Proceedings of The Physiological Society

University College Dublin (2009) Proc Physiol Soc 15, PC93B

Poster Communications

Platelet L-Arginine-Nitric Oxide Pathway in Bipolar Disorder

P. F. de Souza1, V. Pinto1, C. Elie2, M. Moss1, C. Matsuura1, O. da Silva1, T. Brunini1, M. Antônio Cláudio1

1. Universidade do Estado do Rio de Janeiro, Rio de Janeiro, Brazil. 2. Instituto de Psiquiatris da Universidade do Rio de Janeiro, Rio de Janeiro, Brazil.

The bipolar disorder (BD) is a humor disorder, according to DMS-IV (Diagnostic and Statistic Manual of Mental Disease). This disorder affects approximately 1.5% of the population and it is characterized by the presence of mania and depression episodes. Similarly to other psychiatric disorders, such as depression, anxiety and schizophrenia, the BD is an important cardiovascular risk factor. However, the exact mechanisms underlying this relationship remain unknown. Recent studies suggest the involvement of L-arginine-nitric oxide pathway on the pathophysiology of BD. Nitric oxide (NO) is a lipophylic gas which is produced by different blood cells. L-arginine, it’s precursor, is transported to platelets by y+L carrier, and activates the enzyme NO synthase (NOS), which produces NO and L-citrulline. NO has many physiological functions, including: vasodilatation, neurotransmission and platelet aggregation inhibition. Despite intracellular concentration of L-arginine is above the Km of NOS, the extracellular transport of L-arginine is necessary for NO production. The aim of this study was to investigate L-arginine transport and NOS activity in platelet of bipolar patients. Nine patients with BD and nine healthy volunteers were included in this study. Extracellular L-arginine transport into platelet was measured by kinetic methods, using crescent concentrations of [3H] L-arginine; and NOS activity was evaluated by the conversion of [3H]L-arginine on [3H]L-citrulline. Data were presented by mean and standard error. The student t test was used for statistical analysis and statistic difference was considered when p<0.05. Total L-arginine transport (pmol L-arginine/108 cells/min) was similar in bipolar patients (Vmax total=95±31) and healthy controls (Vmax total=86±19). L-arginine transport via system y+L did not differ between bipolar patients (Vmax y+L=83±59), compared with healthy controls (Vmax y+L=43±10). NOS activity (pmol L-citrulline/109 cells) was reduced on bipolar patients (0.059±0.018) compared with controls (1.138±0.027) (p=0.04292). These results suggest that NO production by NOS is reduced in bipolar patients. This lower production of NO can be contributing for the higher cardiovascular risk factor seen in patients with BD. Our next step is to determine platelet function, to see if platelet aggregation is increased in these patients. This would increase the incidence of thrombotic events in bipolar patients.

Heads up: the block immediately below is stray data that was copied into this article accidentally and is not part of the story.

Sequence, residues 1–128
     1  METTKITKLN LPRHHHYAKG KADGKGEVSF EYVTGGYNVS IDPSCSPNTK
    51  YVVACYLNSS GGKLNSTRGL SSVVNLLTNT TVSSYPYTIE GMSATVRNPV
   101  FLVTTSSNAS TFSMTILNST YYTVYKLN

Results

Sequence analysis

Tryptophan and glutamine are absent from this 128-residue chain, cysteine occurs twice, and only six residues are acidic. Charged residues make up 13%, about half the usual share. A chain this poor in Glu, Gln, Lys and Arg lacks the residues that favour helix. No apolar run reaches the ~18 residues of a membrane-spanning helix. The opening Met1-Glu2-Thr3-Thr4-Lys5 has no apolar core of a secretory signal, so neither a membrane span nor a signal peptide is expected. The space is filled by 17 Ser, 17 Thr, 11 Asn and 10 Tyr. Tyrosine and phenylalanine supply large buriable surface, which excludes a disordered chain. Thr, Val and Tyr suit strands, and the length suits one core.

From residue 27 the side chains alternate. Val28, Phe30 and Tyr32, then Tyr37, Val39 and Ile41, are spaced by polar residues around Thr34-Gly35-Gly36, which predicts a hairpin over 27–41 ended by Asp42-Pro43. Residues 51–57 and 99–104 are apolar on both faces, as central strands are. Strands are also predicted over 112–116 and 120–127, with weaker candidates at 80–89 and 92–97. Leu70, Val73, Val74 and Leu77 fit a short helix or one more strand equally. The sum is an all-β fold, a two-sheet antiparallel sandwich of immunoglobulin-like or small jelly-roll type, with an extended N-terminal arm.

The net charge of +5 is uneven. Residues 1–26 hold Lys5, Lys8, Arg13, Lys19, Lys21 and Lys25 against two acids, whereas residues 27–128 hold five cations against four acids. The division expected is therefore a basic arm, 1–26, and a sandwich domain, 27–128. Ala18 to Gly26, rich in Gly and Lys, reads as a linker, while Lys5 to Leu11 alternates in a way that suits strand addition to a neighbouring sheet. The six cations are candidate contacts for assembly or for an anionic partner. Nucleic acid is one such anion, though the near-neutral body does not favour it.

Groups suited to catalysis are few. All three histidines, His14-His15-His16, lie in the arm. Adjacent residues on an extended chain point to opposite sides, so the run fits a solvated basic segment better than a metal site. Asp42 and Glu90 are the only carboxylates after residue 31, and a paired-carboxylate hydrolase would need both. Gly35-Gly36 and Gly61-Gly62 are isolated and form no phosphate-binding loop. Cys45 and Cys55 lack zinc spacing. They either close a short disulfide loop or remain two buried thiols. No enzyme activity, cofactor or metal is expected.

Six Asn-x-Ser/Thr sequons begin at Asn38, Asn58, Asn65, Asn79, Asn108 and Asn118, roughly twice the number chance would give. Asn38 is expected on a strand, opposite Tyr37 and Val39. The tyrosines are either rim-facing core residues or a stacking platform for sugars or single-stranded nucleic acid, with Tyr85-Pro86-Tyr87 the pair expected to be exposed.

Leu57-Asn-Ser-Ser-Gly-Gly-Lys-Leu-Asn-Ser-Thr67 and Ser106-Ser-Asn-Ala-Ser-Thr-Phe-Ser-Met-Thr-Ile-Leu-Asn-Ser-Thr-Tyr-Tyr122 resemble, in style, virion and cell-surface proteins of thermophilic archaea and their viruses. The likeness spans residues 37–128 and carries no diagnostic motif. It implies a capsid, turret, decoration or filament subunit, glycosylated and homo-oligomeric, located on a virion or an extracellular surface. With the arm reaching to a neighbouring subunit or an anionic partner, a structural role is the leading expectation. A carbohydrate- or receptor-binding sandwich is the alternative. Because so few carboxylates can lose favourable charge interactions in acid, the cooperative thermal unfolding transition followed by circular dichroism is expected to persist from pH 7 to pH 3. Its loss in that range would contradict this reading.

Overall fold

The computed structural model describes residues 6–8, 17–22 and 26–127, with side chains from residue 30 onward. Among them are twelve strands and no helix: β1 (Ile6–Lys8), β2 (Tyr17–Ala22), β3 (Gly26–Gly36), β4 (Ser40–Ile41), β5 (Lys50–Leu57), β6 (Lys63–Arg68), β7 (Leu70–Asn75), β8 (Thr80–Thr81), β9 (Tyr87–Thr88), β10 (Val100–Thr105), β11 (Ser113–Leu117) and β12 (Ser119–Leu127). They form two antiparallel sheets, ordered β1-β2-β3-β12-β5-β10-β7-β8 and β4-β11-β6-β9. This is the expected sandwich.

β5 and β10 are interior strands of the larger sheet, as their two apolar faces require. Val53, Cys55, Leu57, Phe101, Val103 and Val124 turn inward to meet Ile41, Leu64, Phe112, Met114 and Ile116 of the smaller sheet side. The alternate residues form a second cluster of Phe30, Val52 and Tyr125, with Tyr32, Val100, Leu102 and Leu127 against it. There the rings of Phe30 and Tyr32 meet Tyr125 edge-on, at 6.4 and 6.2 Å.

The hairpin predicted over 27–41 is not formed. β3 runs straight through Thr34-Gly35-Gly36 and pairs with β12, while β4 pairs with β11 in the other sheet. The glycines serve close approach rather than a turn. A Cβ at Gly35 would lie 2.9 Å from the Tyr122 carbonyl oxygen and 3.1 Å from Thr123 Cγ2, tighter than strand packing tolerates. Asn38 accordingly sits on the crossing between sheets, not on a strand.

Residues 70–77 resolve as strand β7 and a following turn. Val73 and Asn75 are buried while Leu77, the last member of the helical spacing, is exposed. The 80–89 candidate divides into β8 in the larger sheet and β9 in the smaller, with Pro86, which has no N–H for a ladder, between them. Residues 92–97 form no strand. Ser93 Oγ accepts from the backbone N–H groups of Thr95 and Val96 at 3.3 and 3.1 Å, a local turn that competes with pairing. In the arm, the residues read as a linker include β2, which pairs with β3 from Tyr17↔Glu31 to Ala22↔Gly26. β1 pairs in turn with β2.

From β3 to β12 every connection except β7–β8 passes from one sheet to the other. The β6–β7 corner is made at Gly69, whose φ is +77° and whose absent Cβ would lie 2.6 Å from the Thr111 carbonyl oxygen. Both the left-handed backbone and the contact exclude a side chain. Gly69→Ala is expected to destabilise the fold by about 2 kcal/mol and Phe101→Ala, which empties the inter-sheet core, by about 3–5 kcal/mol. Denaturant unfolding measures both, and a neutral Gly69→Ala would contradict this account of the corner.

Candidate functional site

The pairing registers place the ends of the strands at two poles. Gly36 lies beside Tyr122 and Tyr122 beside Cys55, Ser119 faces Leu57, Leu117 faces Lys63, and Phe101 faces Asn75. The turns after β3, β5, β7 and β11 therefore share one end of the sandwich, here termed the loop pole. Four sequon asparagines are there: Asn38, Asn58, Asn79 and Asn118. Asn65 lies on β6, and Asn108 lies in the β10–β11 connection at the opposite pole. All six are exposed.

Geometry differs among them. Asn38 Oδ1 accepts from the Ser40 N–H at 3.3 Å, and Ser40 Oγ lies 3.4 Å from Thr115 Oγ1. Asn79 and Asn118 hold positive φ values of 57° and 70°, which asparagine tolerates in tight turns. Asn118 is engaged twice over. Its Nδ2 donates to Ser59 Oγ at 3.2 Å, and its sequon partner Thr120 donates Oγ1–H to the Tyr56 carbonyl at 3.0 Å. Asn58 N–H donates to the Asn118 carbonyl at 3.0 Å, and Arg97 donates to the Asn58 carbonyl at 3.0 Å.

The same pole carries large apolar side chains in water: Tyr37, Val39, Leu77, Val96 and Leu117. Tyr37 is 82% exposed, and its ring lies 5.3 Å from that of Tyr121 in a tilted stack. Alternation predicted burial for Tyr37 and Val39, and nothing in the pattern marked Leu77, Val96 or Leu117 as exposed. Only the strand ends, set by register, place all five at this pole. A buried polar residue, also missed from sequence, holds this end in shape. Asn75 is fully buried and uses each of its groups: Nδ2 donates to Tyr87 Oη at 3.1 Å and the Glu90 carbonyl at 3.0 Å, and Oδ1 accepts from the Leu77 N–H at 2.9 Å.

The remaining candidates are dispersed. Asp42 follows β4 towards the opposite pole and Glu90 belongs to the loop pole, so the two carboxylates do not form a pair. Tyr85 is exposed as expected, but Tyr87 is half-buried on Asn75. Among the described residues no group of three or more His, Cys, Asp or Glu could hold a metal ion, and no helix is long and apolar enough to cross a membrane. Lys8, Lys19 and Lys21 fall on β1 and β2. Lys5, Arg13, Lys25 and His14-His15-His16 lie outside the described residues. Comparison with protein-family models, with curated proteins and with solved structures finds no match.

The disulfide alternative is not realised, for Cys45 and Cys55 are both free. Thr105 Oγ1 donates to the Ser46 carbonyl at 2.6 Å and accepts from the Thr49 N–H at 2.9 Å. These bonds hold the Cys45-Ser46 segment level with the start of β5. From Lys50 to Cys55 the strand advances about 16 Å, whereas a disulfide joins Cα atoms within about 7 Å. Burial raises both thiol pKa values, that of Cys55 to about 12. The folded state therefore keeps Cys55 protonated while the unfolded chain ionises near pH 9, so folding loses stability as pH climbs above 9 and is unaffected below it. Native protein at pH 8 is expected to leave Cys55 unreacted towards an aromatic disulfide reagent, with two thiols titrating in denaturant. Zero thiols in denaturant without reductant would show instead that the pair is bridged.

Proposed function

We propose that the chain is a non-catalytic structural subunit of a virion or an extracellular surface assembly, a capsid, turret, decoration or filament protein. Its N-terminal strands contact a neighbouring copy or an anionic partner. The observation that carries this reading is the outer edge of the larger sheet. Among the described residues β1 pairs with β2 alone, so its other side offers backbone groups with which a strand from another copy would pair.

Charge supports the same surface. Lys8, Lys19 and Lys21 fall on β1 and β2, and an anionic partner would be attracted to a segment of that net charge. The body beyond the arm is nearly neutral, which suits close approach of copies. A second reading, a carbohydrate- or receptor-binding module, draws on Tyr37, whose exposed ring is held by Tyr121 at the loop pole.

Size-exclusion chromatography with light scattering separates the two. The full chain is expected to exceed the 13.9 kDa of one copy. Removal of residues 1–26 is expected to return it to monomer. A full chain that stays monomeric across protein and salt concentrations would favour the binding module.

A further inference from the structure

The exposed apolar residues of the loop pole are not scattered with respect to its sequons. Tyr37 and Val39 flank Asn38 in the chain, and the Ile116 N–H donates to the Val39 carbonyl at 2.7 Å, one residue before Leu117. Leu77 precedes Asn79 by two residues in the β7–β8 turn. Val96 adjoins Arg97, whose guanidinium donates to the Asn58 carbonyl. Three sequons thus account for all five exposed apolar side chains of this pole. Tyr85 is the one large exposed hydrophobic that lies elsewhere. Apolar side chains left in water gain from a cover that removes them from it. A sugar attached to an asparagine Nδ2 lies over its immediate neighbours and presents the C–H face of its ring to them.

Where applicable, experiments conform with Society ethical requirements